Thousands of women and non-binary people are demanding refunds after an expensive tech conference attended by cisgender men who allegedly engaged in “sexual harassment, physical altercations and inappropriate behavior,” according to an online petition.
This year’s Grace Hopper Celebration, billed as the largest gathering of women and non-binary technologists in the world, took place in late September in Orlando, Florida. Aimed at those traditionally underserved in the tech community, the event features a career fair and the opportunity to meet face-to-face with companies and employers.
However, the event was quickly met with backlash after numerous attendees expressed outrage at the number of men in attendance and appeared to use the conference not to empower minorities in the field but to advance their careers. This included, for example, skipping various meetings on the topic of female empowerment and handing out CVs instead.
Agnes Lu, a technology industry worker working on her second master’s degree at Northeastern University in Boston, paid the $649 tuition fee to attend the conference for the first time.
she said Newsweek She was among the first participants to publicly criticize organizer AnitaB.org, writing in a LinkedIn post that she was “deeply disappointed” by the experience. The post was liked hundreds of times and shared by dozens.
“I have been looking forward to this event since moving into computer science and saw it as a valuable opportunity to connect with other female engineers and offer support in the male-dominated technology industry,” Lu wrote. “However, since my flight to Orlando yesterday, I have noticed a significant number of male attendees at the event.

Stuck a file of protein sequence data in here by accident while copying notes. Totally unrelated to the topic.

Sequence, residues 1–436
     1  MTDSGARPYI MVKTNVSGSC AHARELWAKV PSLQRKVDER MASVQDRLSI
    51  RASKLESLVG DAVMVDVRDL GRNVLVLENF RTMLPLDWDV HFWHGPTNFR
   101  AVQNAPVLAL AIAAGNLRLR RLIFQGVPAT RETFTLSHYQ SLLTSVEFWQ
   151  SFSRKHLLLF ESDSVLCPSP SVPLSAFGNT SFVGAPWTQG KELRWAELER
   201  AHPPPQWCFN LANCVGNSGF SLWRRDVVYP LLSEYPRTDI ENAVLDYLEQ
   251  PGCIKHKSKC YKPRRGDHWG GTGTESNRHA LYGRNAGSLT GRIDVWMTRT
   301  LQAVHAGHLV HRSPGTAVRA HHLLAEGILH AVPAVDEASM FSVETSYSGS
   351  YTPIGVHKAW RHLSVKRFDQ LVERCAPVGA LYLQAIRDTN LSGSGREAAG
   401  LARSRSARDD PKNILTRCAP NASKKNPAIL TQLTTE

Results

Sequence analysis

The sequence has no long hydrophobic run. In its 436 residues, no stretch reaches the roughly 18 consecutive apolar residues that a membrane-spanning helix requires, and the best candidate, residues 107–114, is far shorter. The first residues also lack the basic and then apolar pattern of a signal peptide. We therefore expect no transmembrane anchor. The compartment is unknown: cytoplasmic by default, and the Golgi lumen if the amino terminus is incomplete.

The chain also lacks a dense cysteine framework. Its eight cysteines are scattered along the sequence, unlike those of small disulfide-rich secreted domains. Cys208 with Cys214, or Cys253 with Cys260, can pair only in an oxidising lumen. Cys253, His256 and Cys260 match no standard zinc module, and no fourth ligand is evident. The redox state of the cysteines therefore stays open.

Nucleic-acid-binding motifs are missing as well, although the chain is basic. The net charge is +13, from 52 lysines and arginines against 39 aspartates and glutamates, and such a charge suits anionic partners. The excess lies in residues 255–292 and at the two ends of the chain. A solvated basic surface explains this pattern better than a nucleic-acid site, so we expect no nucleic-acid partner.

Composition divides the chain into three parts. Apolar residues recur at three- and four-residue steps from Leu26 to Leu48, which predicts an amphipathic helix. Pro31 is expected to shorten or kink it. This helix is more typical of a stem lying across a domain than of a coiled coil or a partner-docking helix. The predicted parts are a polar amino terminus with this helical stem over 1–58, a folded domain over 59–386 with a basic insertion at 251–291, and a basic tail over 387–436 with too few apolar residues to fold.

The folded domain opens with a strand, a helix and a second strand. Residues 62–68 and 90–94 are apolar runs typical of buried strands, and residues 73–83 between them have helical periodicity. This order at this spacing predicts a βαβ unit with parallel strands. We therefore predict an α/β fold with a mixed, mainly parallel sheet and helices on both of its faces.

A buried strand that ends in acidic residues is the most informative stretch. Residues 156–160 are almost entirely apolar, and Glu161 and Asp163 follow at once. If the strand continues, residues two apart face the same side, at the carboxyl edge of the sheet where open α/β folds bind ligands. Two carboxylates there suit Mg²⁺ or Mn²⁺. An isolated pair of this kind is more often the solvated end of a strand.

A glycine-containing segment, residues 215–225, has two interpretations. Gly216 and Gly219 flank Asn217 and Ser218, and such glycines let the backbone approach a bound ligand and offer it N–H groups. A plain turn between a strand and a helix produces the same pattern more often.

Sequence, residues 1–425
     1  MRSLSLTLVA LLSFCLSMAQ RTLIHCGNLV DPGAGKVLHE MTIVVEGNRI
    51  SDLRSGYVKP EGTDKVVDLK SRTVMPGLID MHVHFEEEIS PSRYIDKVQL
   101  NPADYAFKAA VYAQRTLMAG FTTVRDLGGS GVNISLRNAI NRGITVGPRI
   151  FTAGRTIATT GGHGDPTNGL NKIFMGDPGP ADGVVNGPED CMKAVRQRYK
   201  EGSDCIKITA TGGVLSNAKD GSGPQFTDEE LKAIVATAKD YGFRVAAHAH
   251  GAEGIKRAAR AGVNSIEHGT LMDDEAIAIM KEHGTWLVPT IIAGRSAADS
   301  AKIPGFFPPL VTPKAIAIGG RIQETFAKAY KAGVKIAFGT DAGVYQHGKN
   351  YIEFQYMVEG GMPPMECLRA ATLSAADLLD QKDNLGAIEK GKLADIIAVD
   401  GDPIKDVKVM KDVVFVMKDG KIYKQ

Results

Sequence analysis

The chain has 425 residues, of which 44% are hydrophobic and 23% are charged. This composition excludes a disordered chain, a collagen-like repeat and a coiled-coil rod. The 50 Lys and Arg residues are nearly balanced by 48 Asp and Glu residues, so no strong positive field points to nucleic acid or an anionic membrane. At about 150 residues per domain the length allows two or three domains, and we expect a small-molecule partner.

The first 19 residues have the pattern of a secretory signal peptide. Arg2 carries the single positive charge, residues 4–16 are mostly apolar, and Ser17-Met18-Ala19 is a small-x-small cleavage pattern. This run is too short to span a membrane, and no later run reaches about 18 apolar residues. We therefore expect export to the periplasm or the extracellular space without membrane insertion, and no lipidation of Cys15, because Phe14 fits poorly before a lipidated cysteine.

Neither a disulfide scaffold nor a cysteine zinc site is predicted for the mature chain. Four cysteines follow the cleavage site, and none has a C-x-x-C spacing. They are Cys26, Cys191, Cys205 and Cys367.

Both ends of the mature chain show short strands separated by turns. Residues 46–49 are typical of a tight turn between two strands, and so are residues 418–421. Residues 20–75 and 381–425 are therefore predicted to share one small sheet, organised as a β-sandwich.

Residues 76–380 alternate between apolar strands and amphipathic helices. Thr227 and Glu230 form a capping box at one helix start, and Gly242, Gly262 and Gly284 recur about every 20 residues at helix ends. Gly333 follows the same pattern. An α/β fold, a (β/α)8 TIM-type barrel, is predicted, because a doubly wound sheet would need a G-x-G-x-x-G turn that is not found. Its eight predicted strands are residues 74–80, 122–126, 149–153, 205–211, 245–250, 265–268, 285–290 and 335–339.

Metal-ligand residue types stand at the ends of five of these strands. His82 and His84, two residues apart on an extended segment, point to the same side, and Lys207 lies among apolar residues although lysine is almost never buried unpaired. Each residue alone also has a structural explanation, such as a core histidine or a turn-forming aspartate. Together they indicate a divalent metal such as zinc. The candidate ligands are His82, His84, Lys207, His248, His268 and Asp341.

She continued: “GHC (2023), named after [a] pioneering programmer [Grace Hopper], promotes itself as an event for women and non-binary people in technology. Nevertheless, there is a clear male presence at the event. It is disheartening that women continue to invest a significant amount of money to attend an event that appears to fall short of their commitment to creating opportunities for women.”
The post caught the attention of AnitaB, a nonprofit dedicated to supporting women and non-binary technologists, who responded with an apology and a “public call for cis men to stop taking advantage of the opportunities” available to women and non-binary people responded.
AnitaB officials also addressed the conference participants several times and said they were aware of the complaints and the large number of male participants compared to previous years.
But the apologies failed for many.
“I involuntarily had to pay $1,299 to register for this event because so many men were taking away the limited $649 academic seats,” Varsha Ravi Varma, database coordinator at Indiana University, wrote on Lu’s LinkedIn account. Contribution.
“How is it fair that this is a conference focused on women and non-binary people in tech, and yet there are no known restrictions on other genders? I’m paying $1,299 to simply compete with men who paid half of that, even though it doesn’t even mean that to them. It makes no sense.
Newsweek AnitaB emailed several times for comment but received no response.